How do you draw the line between real and fantasy or the surreal in your stories?

I don’t really. I feel like we already exist on the verge of fantasy in our regular lives, and so I don’t really think about it. Certain writers think about world-building in very cohesive ways. Like Tolkien, for example, was this very meticulous world builder, who had this elaborate, completely thought out, secondary world in middle earth. And there are writers like C.S. Lewis, who would just write these insane, nonsensical fantasy worlds, with Santa Claus and fawns and lampposts, where the reasoning is like, whatever. I think of that latter way, I call it ecstatic world building, so it’s not thinking about, what are the logistical rules of this world, but what is the emotional truth shining through, and then sort of marshalling various elements of genre to that purpose. So yeah, it’s not thought out. I’d be lying if I said, oh it’s all part of this plan that I have. I just sort of let myself write what I want to write.

Do you think fantasy and the unsettling and horror allow for that emotional truth to come out in ways that get us towards our reality in our stories? Our emotional realities.

I think the interesting thing about writing liminal fantasy is yeah, you can express certain truths in ways that are a little more straightforward and that seem similar even when they’re not. It’s just an interesting tool. It defamiliarizes it. It takes this essential thing about sexual violence, for example, and turns it a little bit, and when you hand it back to the person, it looks fresh and new, even though it’s not. These ideas have been around, but I’m just sort of revisiting them I guess.

I understand that “Her Body and Other Parties” was the title of your thesis in your MFA program. How has that phrase changed since then, for you?

That book, my thesis, which is only available in print, in the library, at the University of Iowa library, only has three stories in common with my finished book. It’s not very good. It’s pretty rough. The phrase came up, when I was trying to figure out a title for my collection, and I was talking to a friend about how one titles a collection, and he was saying, well, traditionally, it’s usually a title from one of the stories, and it’s a title that sort of encompasses the theme of the book. But I didn’t feel like any of [my titles] worked as a book title. So I just sort of started mashing together the titles of stories until I mixed together “Difficult at Parties” and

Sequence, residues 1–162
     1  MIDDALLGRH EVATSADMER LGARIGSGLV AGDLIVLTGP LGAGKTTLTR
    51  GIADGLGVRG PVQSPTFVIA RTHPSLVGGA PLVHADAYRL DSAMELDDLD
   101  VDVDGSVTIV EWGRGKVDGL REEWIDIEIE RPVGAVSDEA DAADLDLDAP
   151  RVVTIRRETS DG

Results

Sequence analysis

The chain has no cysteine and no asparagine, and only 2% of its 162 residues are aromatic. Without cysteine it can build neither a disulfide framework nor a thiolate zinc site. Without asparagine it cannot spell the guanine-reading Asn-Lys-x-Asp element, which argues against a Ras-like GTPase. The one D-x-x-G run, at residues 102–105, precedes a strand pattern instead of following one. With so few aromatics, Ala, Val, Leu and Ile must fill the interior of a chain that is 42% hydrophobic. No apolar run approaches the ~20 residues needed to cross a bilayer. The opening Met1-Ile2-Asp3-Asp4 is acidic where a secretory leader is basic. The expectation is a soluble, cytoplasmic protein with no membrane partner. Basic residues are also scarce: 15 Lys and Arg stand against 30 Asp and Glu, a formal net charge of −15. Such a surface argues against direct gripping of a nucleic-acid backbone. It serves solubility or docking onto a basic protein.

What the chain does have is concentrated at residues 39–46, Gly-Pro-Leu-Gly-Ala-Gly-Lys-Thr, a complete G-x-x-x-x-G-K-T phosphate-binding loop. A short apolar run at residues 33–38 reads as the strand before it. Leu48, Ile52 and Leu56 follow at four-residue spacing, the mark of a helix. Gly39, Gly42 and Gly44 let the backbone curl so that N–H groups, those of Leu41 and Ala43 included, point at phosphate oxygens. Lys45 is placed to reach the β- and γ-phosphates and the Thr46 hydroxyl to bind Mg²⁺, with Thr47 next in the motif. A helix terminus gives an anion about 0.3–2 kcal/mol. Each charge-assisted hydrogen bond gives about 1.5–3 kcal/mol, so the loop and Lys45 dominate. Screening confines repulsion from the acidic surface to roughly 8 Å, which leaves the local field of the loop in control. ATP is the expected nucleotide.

“Real Women Have Bodies,” and the result was that. … There’s a structure in the short story title, where it’s like something-something and other stories, or whatever. And it’s usually the title and other stories. And there’s this really good collection by Ted Chiang called Stories of Your Life and Others, which is a double entendre, right, it’s like “and other stories,” and “and other lives.” So I liked that idea, I liked that using “and other” structure to just have a little fun with the title. And I figured that out way before the rest of the book was finished. But it was just a good title, and luckily they let me keep it, so I feel pretty good about it.

How has your writing changed since you were an undergrad?

Since I was an undergrad? … I mean as much as I can possibly imagine. I was an undergrad 12 years ago. Even five years ago, when I published this collection there was this story that was five years old and I had to rewrite it sentence by sentence, because the prose wasn’t up to my current standard. So if you’re doing it right, your style will always be changing and evolving and tightening and getting stronger. … I’ll look back at stories that I’ve really liked, even now, like my book is out and I’ll read the stories and be like, I like these, but I would write these differently now than I would have like three years ago. So it’s just a very odd process, because you’re always improving, or you should be, anyway.